It was Charles Darwin who proved the importance of bumblebees as pollinators for the yield of clover. Later it was discovered that the role of these beneficial insects is even more vital, because they maintain the productivity of the whole terrestrial ecosystem. Farmers pay serious attention to pollination, but usually focus on honeybees. However, bumblebees can be a free resource for farmers: the ecosystem will do the job itself.
Bumblebee-keeping for pollination in greenhouses is multi-million business in the Netherlands, Belgium, Israel, Japan, etc. The colonies of these pollinators are reared in captivity and sold worldwide. But what about bumblebees who live in the wild? It appears that most of the wild populations suffer from various human activities – use of pesticides in agriculture, motorway traffic and destruction of natural habitats. Is it possible to protect and support wild bumblebees? If so how can it be done most efficiently?
Green initiatives often conflict with aesthetic requirements (trimmed lawns and neat hedges look much nicer than a wild landscape) and existing infrastructure (roads are narrow, limited space for meadows, etc). This is an inventive challenge where win-win solution is required.
We will explain the simple measures, which would be easy to implement in our parks, gardens, orchards and any other green zones. Some of the measures could require minimum skills, and others are based on not doing, rather than doing something. We will demonstrate how to make basic bumblebees nest-boxes, which was developed as the result of our 20-years’ experience in rearing these insects.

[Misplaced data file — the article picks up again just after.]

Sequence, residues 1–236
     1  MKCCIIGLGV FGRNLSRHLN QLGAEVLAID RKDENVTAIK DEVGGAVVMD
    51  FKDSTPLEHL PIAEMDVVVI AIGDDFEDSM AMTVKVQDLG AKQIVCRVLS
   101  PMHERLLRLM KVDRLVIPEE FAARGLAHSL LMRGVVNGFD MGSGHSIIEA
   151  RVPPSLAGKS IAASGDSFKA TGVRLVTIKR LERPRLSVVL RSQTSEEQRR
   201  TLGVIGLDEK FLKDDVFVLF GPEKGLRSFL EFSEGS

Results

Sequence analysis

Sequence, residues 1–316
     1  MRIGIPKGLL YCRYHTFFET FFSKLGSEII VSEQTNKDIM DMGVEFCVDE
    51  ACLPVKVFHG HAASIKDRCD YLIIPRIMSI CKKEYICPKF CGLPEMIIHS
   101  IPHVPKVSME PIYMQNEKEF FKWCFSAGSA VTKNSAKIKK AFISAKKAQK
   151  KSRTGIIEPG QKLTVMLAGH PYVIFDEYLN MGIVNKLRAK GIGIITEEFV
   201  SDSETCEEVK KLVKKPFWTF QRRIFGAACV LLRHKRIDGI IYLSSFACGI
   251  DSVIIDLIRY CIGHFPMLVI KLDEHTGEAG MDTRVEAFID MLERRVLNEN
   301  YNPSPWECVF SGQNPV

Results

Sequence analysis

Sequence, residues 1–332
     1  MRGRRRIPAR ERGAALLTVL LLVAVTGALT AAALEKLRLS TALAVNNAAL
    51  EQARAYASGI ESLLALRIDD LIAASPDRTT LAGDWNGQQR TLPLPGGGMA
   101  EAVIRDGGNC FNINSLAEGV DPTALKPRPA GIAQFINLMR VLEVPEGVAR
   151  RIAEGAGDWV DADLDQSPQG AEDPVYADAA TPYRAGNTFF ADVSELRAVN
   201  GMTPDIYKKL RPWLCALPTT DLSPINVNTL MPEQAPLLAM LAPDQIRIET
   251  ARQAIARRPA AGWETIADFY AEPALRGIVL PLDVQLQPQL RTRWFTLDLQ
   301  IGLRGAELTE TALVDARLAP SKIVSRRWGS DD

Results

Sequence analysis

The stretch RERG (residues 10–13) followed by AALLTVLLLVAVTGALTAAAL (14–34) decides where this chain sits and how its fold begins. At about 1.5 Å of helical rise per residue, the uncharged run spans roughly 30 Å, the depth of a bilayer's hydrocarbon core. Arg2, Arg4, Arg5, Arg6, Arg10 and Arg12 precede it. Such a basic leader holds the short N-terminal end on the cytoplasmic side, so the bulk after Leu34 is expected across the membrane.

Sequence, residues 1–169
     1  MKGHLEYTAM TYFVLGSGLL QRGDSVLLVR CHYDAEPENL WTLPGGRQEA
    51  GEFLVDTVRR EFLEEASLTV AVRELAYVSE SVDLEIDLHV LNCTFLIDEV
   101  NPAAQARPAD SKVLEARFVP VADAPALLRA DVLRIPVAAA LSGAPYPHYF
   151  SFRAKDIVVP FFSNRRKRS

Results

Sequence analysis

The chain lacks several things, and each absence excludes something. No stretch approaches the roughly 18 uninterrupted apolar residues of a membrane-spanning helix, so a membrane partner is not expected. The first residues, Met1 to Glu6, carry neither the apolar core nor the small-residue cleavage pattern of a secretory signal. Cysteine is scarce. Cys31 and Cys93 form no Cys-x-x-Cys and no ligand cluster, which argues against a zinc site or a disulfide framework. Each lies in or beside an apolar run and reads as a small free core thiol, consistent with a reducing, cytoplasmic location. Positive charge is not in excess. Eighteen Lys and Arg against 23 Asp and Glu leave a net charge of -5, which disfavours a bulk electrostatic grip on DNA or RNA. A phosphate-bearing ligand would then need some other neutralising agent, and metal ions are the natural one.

We will show how to increase the attractiveness of this nest box for bees, how to choose the correct and quality nest-boxes and other artificial domiciles for wild pollinators, which are available in our garden-centres and shops.
We will also offer some tips how to:
- control mold and parasites in the nest boxes,
- how to avoid competition between queens,
- how to prevent competition between bumblebees and wasps for nest-boxes,
- how to transfer and re-locate colonies (in case they established their nest in a place where they interfere with humans),
- how to catch a singular bumblebee (on a flower or in a room) without damaging it and avoiding stinging,
- how to safely keep a colony at home in an observation hive,
- and many other practical and useful pieces of advice.
The workshop contains practical exercise, demonstration of equipment for working with bumblebees outdoors and in captivity, educational videos and Q&A.